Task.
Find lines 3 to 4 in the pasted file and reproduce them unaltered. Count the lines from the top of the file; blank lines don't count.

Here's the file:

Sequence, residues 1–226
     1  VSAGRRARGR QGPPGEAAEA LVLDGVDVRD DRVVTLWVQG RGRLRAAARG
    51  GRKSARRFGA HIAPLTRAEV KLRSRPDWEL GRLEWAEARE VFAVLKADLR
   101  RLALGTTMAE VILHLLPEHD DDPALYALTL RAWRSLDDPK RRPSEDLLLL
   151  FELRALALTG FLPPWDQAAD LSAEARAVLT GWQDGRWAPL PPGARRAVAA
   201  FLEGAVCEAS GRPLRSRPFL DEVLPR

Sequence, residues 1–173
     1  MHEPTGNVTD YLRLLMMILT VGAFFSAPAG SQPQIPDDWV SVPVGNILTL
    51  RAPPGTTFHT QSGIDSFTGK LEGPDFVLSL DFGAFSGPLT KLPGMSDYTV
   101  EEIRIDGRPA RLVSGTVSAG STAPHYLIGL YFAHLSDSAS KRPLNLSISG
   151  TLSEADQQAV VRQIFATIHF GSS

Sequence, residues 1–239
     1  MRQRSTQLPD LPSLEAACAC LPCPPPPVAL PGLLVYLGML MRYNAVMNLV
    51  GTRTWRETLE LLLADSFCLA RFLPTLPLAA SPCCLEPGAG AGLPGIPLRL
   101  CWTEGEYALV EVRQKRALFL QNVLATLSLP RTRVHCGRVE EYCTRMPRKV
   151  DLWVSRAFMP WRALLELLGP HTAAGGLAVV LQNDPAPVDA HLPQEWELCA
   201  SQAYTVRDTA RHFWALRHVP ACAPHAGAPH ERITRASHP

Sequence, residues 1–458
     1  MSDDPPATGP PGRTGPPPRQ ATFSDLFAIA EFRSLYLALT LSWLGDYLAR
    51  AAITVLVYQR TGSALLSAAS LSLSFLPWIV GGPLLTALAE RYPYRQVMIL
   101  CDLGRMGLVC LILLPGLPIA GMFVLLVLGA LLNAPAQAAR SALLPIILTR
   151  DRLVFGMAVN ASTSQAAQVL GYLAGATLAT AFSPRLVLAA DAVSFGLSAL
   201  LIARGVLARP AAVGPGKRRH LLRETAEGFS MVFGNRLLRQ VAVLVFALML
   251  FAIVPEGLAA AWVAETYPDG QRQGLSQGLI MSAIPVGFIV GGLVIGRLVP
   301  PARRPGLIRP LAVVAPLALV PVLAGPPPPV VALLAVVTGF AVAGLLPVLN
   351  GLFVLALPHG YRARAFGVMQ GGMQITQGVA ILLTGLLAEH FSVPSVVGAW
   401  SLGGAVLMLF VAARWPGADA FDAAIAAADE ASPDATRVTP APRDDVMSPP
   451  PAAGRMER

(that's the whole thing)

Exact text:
    51  GRKSARRFGA HIAPLTRAEV KLRSRPDWEL GRLEWAEARE VFAVLKADLR
   101  RLALGTTMAE VILHLLPEHD DDPALYALTL RAWRSLDDPK RRPSEDLLLL